My preaching minister shared it with his church family this morning as he closed his remarks on the topic “Draw Near To God” that he had chosen many weeks ago, and delivered in the aftermath of Friday morning’s tragic accident that took a dear sister from among us.
He had tried to relate what had happened that morning; how he and his wife had been called and arrived minutes later … how he had pleaded with God from the driveway to intervene, but that Kim was already gone. He told how the day had progressed with ambulance, police, and family arriving … how the gathering of church family on the lawn had meant so much … how difficult it was to accompany a grieving husband through the process of planning a funeral, and then selecting a casket for his beloved ….
Then my minister lost all composure and wept openly with us, able to speak only a few more words of truth from his heart that were angry and defiant and empathetic and pure gospel: “A man should not have to choose a casket for his wife.”
One of our elders shared in that moment of grace as well, coming up to stand behind him and lay hands on his shoulders, silently strengthening our minister so he could complete his simple invitation: “Draw near to God.”
He’s absolutely right. A man should not have to choose a casket for his wife. Nor vice versa, nor a parent for a child, nor a child for a parent, nor a minister for an estranged member, nor a mortician for a penniless complete stranger. There shouldn’t be death anymore; Jesus conquered it once and for all … but there is still sin in the world, and sinleadstodeath sinleadstodeath sinleadstodeath.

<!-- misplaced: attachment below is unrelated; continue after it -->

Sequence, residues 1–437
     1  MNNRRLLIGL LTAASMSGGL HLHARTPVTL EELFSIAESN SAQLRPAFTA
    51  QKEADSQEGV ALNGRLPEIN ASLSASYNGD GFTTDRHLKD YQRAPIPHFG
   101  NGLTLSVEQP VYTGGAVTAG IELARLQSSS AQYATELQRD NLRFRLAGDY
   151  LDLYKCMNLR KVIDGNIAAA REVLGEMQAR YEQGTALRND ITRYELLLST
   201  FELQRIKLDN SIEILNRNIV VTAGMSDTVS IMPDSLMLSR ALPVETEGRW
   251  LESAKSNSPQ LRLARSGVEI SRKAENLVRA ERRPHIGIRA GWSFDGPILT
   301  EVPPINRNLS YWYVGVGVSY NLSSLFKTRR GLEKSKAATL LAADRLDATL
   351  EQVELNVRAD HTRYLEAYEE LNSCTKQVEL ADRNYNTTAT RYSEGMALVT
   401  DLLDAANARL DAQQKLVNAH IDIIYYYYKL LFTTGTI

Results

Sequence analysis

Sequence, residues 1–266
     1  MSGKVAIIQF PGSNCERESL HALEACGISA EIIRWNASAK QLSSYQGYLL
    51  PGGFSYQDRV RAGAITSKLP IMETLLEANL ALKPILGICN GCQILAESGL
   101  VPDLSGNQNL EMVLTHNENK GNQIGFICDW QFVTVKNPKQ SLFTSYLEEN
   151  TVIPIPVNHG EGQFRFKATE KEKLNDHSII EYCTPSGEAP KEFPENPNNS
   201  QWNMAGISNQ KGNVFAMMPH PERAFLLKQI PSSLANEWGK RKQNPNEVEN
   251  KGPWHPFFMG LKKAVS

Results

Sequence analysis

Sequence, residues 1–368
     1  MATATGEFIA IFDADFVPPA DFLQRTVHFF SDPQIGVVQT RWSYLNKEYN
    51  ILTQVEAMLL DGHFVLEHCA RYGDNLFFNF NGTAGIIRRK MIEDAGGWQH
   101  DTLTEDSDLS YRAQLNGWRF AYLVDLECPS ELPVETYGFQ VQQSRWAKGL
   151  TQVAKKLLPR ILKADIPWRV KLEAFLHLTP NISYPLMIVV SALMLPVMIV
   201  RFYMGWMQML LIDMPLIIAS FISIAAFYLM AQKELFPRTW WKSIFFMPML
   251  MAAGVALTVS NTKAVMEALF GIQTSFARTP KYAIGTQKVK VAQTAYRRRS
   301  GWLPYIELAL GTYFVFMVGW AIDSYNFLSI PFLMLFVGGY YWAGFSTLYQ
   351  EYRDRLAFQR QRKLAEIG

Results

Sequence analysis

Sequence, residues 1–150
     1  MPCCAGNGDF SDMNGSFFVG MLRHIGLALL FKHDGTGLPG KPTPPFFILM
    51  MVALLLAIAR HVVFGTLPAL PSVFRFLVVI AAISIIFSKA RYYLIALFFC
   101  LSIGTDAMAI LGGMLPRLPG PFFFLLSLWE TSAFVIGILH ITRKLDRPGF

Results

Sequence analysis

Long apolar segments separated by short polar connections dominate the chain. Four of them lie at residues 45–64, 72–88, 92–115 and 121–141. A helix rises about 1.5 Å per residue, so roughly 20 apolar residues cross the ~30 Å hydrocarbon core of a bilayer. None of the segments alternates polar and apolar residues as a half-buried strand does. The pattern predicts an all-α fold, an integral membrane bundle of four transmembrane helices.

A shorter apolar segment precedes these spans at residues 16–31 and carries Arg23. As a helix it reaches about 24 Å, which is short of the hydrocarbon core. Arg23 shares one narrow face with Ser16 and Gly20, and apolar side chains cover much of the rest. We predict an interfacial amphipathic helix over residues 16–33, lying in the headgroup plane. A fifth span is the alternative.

Somehow, after all that has transpired since Friday morning, two of our ministers managed to conduct a funeral this afternoon and several elders extemporaneously took responsibility for conducting worship this evening.
I’ve been to churches where pew-warming scorekeepers might grade down a minister for such a moment of grace; they would think him weak in character and profession and faith. I don’t think we have any of them left at our church anymore; judgmental attitudes are never really at home in an environment of loving community, and they don’t tend to stay.
But this morning I saw a servant for whom death is more than an intellectual exercise in scriptural interpretation. I saw someone willing to weep with those who weep and mourn with those who mourn. I saw a shadow of One weeping at the tomb of His dear friend Lazarus.
And in spite of human despair, I saw divine hope.